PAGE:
Interview with Little Voices founder Jane Maudsley


Trained singer Jane Maudsley overcome a marriage split, being a single mum and a split with her business partner to grow her national performing arts school business, Little Voices. She tells us how she did it.

What’s your career background?

I read music at the University of Sheffield, took a year out to run the London Marathon, work for the family business in administration, raise money for charity and prepare for my Music Conservatoire audition.

I wanted to be an opera singer. I successfully gained a place on the Masters degree course at the Royal Scottish Academy of Music and Drama to fulfil my ambitions of training as a mezzo soprano.

The goal was always to sing professionally however it became apparent after I graduated that the life of auditioning and the life of a singer was not for me. I loved performing (and still do) but I needed more stability of income and lifestyle.

So I started teaching singer and quickly gained an outstanding reputation as a singing teacher in all the independent schools and music departments across my local area. However I still was not totally fulfilled – I knew something was missing.

It wasn’t until I had had my daughter that I really found where I felt most comfortable. I went on to take marketing, leadership and business qualification after I started the business because being an entrepreneur was my calling and I knew it!

How did your career change when you became a mum?

I had someone else to care about. It was no longer just all about me and I had to make decisions that would be best for my family life. If anything stopped or changed most dramatically it was the time I had for me, however by running my own business I replaced all that with a love for my business which ultimately was killing two birds with one stone.

When and why did you decide to start your own business?

I started my business in September 2007. My daughter was three months old and I have to be honest I had no idea at that point how far it was going to develop and flourish.

The dream didn’t start out to be a national performing arts organisation that supported mums and dads with an interest in drama or singing, or to teach actors, actresses, singers, teachers how to run their own successful business in the subject that they loved. The dream at that point was simply to run classes on one night of the week from 4pm until 6pm and provide excellent tuition to children and young people and work specifically towards examinations.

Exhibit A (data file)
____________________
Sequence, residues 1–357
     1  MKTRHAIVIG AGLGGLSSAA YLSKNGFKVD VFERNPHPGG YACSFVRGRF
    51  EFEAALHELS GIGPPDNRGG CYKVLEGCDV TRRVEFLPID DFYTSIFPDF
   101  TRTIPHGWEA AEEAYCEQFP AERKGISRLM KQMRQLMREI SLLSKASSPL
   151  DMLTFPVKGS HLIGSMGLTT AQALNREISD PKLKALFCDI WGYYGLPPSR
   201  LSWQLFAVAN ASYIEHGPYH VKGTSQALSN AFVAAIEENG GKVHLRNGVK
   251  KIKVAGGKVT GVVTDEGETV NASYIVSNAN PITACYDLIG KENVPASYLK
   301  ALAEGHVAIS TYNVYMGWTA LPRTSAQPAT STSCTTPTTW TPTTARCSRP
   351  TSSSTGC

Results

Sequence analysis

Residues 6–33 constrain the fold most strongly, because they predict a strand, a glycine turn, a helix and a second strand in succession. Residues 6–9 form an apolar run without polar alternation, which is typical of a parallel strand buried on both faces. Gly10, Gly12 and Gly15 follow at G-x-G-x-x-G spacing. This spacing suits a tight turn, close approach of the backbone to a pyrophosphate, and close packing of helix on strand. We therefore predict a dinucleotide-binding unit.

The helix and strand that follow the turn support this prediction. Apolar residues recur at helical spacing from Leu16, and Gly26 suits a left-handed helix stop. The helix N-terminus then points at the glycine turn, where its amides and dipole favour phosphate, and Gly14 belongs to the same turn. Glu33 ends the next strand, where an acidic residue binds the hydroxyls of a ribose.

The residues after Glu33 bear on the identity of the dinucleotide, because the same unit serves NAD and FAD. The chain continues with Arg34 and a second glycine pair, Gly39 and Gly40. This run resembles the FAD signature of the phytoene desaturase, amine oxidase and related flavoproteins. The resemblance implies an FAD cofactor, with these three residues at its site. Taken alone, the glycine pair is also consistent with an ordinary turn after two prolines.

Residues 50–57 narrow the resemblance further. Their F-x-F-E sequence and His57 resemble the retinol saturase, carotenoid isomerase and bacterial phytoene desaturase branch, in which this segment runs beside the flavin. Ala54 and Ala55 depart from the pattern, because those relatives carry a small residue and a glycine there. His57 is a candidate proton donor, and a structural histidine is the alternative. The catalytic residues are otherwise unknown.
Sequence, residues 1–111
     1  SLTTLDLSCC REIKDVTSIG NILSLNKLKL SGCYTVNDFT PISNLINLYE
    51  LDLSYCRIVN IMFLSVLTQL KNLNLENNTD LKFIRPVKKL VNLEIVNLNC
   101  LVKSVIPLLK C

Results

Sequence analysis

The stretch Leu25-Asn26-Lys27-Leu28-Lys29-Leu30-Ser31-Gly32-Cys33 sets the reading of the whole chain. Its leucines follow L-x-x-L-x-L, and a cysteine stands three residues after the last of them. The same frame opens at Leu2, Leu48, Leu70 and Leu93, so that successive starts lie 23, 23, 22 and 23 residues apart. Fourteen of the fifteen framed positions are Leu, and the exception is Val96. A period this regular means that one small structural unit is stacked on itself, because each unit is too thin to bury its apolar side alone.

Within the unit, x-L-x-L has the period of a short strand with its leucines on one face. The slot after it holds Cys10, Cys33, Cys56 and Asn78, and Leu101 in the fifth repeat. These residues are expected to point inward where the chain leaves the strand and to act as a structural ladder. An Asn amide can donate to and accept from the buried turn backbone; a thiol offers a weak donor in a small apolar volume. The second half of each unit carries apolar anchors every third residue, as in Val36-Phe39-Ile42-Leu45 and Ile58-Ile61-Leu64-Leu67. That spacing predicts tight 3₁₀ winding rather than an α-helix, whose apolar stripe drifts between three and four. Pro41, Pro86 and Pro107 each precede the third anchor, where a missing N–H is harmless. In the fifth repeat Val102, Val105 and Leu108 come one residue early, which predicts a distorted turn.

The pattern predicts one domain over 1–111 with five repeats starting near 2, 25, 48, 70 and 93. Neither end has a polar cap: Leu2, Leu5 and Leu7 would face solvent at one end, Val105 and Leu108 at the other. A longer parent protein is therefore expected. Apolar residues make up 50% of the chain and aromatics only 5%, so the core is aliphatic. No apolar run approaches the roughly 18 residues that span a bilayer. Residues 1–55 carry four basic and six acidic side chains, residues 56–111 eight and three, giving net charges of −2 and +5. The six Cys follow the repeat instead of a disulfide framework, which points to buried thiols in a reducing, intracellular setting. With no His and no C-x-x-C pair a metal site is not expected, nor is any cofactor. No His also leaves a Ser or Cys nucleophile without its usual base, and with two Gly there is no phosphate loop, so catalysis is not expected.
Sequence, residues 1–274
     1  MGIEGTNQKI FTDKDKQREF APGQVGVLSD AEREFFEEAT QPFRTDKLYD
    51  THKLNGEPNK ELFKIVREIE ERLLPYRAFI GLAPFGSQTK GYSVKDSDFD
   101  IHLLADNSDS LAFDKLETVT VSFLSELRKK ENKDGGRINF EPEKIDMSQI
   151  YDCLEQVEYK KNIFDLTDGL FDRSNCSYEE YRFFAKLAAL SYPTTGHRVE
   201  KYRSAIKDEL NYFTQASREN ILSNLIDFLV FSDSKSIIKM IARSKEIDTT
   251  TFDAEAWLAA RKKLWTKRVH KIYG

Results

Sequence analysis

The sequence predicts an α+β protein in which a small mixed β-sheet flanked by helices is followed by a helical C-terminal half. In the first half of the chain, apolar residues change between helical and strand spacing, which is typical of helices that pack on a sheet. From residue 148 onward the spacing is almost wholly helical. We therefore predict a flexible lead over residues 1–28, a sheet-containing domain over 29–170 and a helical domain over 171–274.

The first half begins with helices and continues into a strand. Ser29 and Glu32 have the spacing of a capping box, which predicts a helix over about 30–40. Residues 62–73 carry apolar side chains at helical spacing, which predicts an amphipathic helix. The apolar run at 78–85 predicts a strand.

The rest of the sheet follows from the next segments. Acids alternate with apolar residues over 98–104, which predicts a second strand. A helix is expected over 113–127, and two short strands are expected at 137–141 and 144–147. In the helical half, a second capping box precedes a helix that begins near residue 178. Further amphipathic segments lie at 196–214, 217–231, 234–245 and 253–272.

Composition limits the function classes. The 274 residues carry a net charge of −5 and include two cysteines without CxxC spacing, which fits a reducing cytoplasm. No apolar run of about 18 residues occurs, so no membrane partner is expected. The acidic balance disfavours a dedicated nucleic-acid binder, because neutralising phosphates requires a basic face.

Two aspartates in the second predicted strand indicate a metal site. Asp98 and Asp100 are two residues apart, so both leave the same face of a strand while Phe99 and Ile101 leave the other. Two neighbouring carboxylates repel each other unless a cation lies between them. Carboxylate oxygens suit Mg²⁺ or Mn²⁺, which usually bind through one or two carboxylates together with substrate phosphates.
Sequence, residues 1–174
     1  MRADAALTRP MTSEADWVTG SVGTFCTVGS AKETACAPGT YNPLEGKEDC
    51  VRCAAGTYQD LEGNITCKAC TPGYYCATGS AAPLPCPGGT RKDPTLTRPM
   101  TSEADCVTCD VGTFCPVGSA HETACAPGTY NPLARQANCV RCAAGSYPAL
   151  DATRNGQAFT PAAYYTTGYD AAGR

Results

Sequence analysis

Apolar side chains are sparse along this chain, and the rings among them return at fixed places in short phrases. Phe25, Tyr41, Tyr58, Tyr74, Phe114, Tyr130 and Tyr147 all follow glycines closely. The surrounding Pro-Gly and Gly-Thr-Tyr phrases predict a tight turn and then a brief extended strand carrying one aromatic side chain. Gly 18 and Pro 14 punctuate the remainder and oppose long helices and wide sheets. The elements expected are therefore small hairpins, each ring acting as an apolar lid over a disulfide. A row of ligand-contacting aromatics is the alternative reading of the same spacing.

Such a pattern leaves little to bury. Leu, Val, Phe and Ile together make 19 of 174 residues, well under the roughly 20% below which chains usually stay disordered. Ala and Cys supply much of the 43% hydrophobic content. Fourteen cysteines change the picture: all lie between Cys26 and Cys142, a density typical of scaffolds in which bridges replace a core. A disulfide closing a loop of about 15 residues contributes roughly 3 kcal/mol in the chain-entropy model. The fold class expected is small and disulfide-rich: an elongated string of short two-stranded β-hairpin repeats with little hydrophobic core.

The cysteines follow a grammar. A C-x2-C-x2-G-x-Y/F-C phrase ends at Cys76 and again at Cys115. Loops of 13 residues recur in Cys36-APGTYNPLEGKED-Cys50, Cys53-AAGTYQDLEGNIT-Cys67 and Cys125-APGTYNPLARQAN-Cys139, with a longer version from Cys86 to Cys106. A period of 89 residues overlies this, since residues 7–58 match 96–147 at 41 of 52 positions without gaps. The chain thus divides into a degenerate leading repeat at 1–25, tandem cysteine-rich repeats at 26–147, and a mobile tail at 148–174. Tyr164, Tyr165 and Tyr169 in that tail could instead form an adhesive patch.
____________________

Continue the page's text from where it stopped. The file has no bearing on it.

But all great businesses have to start with an idea and what is so special is that that core ethos and belief in excellence and working to the individual child’s needs remains at the heart of Little Voices nationally today. We really care at every level of the business. It started with an idea however it has manifested itself through everything and everyone that is involved within Little Voices.

What experience from your career helped you start a business?

My vocal training at the Royal Scottish Academy of Music and Drama in Glasgow (now known as the Royal Conservatoire of Scotland) with outstanding professional singer Jane Irwin, provided me with the catalyst to understand the workings of the voice, the importance of vocal health and to ensure that training children’s voices was done in a careful way, working with each voice as an individual instrument in an inherently musical and most importantly, natural way.

During my Masters training I studied alongside other fabulously talented singers. Some had beautiful voices, others had amazing stage presence and several could absolutely deliver the intense emotional subtext of a song. I am talking about (to name a few) the fabulous Cheryl Forbes, Margaret Keys, Carolyn Dobbin, Posy Walton and Catriona Clarke. I am proud to be connected to them all (as well as many other) through social media.

All of this observation and learning equipped me with the tools to put together inspirational lessons for children. I could ensure that a child had the foundations of good vocal and dramatic technique, and that they could go on to layer their exam performances with emotion, characterisation, an understanding of sub text, context and deliver it with poise, good posture and confidence.